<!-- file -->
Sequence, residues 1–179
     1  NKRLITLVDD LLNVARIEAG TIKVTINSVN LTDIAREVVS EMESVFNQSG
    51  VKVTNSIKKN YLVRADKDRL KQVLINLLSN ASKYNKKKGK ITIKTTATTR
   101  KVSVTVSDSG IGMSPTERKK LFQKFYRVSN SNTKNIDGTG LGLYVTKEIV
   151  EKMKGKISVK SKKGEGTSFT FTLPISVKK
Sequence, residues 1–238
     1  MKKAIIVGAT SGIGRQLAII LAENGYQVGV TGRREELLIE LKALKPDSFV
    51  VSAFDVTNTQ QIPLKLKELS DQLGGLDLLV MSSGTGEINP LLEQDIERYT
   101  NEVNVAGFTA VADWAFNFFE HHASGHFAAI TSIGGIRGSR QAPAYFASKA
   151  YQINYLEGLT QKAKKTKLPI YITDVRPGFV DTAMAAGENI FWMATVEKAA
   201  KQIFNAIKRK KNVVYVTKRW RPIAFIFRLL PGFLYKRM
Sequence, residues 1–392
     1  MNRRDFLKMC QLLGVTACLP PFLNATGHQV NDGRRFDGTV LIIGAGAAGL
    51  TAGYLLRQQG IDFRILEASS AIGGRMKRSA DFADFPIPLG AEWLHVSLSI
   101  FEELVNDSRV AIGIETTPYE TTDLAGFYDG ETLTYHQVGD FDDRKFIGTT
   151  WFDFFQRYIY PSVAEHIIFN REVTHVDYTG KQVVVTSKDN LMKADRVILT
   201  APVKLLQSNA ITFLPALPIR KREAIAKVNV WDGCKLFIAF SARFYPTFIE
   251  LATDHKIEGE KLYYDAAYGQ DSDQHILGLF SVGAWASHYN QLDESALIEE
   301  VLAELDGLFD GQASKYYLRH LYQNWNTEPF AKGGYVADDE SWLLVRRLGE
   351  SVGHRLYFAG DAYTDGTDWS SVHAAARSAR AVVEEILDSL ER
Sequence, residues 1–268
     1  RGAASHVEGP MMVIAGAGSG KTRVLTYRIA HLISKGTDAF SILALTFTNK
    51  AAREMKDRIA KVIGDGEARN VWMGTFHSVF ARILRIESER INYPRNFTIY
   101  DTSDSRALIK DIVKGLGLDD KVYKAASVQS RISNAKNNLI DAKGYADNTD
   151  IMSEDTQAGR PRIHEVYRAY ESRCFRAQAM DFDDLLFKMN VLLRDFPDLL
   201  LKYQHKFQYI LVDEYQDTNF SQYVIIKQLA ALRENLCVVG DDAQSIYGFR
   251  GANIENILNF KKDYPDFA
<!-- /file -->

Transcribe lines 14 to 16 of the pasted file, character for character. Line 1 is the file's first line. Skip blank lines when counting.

    51  TAGYLLRQQG IDFRILEASS AIGGRMKRSA DFADFPIPLG AEWLHVSLSI
   101  FEELVNDSRV AIGIETTPYE TTDLAGFYDG ETLTYHQVGD FDDRKFIGTT
   151  WFDFFQRYIY PSVAEHIIFN REVTHVDYTG KQVVVTSKDN LMKADRVILT